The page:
The suction means and the sample container must be so constructed that the reduced pressure in the sample container above the sample may be produced to draw the sample into the container up to a predetermined level, and then released when the valve means in the gas duct is opened so as to create a balanced condition such that the level in the sample container remains constant throughout the determination of the sedimentation rate.
Hereinafter given by way of example only is a preferred embodiment of the invention describe with reference to the accompanying drawings in which:
FIG. 1 is a diagrammatic presentation of a coal washery thickener fitted with a device according to the present invention, and
FIG. 2 is a diagrammatic representation of the sample container and associated suction means and S-bend suction pipe of the device according to the present invention shown in FIG. 1.
As is shown in FIG. 1 a coal washery thickener includes a tank 10 having a lower outlet 11 for particulate slurry underflow and an upper outlet 12 for clean water overflow. Dirty washwater is delivered through a chute 13 into a central well 14 disposed in the middle of the tank 10. The dirty washwater contains fine particles of coal and gangue which may be clay or sand. A flocculant is metered into chute 13 from a flocculant supply device 15 to mix with the coal washwater. The flocculant causes the particulate matter in the washwater to flocculate and settle in the thickener. The clarified water is drawn from the tank 10 through upper outlet 12 and recycled through the coal washery. The settled flocculated particulate material is drawn out of the thickener through the lower outlet 11.
The addition of flocculant from the flocculant supply device 15 is controlled by a sedimentation testing device 16 shown in detail in FIG. 2. The device 16 peroidically draws a sample of the washwater from the centre well 14 of the thickener 10 through an inlet tube 17 which extends downwardly from the device 16 into the washwater. The rate of sedimentation of the particulate matter in the washwater is determined, as will be hereinafter described in more detail, and this data is used in an electronic control circuit of an electronic controller 60, which includes a sofware controlled micro-processor, to provide a signal for the flocculant supply device 15. In this way sufficient flocculant is added to induce effective flocculation and settlement of the particulate matter in the washwater while avoiding the use of the excessive amounts of flocculant.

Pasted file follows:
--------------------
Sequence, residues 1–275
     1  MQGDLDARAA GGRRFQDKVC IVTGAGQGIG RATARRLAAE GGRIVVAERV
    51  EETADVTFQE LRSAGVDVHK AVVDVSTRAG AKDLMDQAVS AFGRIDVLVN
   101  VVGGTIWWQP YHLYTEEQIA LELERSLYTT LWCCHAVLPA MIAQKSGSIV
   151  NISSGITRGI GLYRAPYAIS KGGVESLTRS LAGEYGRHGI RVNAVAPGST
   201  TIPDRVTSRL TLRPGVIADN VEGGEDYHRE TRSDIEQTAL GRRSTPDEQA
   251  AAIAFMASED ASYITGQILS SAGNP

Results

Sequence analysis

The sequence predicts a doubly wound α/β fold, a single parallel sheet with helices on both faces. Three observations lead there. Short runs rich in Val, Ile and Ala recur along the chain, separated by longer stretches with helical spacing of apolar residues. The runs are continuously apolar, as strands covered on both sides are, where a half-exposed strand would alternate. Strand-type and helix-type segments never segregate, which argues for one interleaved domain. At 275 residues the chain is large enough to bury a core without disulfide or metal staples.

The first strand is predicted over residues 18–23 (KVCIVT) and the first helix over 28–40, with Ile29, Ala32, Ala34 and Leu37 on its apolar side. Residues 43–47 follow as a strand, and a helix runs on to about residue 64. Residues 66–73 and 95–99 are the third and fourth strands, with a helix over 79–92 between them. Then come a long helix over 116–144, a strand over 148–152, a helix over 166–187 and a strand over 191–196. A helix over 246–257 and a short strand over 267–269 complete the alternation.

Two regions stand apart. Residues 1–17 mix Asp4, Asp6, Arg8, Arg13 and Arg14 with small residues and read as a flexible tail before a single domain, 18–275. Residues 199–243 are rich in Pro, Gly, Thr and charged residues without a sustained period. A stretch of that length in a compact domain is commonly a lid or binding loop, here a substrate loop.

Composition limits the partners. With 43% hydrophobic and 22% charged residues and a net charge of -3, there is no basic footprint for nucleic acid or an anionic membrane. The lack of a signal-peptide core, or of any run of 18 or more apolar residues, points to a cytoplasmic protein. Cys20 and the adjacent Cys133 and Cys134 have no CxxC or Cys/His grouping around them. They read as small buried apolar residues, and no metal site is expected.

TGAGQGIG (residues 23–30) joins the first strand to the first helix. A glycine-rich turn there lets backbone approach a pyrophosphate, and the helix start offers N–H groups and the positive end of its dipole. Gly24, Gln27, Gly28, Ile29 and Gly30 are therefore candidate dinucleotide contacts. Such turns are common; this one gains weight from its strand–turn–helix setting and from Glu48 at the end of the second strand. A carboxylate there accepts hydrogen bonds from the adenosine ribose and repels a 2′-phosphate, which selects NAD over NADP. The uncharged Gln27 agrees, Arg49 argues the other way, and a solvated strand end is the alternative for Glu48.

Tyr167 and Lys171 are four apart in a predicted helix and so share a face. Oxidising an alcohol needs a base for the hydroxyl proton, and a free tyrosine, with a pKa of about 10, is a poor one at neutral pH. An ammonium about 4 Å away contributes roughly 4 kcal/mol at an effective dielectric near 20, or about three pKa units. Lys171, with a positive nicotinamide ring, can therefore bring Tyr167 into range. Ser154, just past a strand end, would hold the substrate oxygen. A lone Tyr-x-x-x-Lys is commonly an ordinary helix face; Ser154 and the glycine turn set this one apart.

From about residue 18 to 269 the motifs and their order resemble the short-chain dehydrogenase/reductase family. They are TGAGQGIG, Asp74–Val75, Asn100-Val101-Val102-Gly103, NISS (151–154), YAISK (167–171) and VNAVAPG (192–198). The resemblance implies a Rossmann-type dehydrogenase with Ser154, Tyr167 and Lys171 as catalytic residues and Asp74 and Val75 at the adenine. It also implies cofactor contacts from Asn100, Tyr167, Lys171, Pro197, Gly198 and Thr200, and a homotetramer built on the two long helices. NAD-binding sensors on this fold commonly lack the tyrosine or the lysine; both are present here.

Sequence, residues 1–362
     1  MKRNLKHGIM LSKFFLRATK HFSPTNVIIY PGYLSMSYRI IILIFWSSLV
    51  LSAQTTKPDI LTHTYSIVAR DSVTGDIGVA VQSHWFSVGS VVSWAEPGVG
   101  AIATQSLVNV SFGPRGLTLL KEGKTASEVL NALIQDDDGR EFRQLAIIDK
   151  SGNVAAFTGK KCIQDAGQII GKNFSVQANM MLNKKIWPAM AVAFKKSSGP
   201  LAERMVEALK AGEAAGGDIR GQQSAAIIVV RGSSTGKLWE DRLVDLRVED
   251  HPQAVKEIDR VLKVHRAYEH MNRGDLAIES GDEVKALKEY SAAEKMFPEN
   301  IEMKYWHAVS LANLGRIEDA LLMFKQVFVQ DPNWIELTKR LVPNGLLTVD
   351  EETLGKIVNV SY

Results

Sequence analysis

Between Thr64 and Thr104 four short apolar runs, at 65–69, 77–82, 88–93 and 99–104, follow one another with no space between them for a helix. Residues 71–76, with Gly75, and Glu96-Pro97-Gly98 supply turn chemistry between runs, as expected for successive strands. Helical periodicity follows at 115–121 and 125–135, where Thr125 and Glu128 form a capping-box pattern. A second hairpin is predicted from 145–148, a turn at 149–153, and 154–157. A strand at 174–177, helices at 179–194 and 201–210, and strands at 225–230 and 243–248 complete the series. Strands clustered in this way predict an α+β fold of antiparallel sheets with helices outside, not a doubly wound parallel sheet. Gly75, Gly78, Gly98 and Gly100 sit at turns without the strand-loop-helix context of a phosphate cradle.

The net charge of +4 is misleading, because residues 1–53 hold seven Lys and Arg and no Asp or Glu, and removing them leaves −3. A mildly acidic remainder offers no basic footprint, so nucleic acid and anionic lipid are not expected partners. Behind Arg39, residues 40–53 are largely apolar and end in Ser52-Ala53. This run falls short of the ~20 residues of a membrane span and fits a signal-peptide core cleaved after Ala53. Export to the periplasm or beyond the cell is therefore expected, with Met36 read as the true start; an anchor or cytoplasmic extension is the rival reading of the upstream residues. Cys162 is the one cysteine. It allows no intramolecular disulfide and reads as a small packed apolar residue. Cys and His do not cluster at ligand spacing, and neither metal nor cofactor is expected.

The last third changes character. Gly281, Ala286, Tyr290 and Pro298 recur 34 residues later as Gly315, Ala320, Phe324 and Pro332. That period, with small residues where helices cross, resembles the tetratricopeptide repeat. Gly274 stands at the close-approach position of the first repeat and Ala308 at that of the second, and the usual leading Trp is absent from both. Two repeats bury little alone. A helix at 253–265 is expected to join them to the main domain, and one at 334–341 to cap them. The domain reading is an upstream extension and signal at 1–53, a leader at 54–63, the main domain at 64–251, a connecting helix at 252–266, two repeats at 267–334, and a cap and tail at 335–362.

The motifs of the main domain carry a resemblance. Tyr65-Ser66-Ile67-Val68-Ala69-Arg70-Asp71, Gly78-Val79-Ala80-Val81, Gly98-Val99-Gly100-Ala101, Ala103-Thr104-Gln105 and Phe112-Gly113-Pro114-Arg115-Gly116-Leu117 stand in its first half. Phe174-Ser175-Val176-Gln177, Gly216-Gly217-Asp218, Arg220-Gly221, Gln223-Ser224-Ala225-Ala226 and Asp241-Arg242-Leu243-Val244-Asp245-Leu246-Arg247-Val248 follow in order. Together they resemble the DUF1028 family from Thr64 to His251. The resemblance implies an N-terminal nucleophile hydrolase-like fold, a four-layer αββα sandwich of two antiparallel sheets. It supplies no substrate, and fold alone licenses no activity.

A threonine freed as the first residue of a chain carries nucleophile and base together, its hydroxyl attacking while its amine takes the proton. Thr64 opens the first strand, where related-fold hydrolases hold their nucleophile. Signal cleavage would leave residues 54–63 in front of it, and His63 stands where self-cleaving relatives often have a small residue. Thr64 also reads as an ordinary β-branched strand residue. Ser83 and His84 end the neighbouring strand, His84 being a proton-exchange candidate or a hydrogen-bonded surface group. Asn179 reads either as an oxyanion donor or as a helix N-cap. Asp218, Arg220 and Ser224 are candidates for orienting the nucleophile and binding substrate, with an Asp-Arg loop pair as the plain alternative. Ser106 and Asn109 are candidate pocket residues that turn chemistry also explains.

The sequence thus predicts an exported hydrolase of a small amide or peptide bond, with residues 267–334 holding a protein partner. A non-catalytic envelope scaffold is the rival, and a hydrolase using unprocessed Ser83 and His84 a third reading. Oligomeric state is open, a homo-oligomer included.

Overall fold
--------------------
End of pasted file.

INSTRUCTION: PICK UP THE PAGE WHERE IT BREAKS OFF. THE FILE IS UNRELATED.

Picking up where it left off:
The sedimentation device 16 comprises a glass sample receiving cylinder 18 having a lower end plate 19 sealingly engaged with its lower end and an upper end plate 21 sealingly engaged with its upper end. The lower end plate 19 is formed with a spigot 22 to which one end 41 of an S-bend section 40 of the inlet tube 17 is connected. The other end 42 of the S-bend section 40 is in turn connected to the straight vertical section 43 of the inlet tube 17.
The inlet tube 17 is in fluid communication with the interior of the sample receiving cylinder 18 through a Y-shaped bore 23. The lower single arm of the bore 23 opens into its diverging upper arms so that if liquid is drawn rapidly into the sample cylinder it will splash against the wall of the cylinder 18 rather than spray up against the underside of the upper end plate 21 which, as will be explained subsequently, carries height probes the operation of which could be disrupted if they were sprayed with inflowing sample liquid.
The upper end plate 21 includes a clean water inlet duct 24 connected via solenoid value 49 to a clean water supply 51 so that the inside of the sample receiving cylinder can be washed after each sampling cycle. It also includes an air passage 25 connected to an air pressure regulating circuit 26. The upper and lower end plates 21 and 19 are held in position on the ends of the sample receiving cylinder 18 by clamping rods 27 and corresponding locking nuts 28 spaced around the periphery of the cylinder 18.
A pair of height probes 29 extend downwardly through the upper end plate 21 into the interior of the sample receiving cylinder 18. The probes 29 are height adjustable relative to the cylinder 18 so that the operator can selectively adjust the height of the sample in the cylinder 18 at which the probes 29 will be bridged by the sample. A light 31 is positioned on the outside of the cylinder 18 and is arranged to direct a beam of light through the cylinder 18 towards photoelectric cell 32 positioned on a diametrically opposite side of the cylinder 18.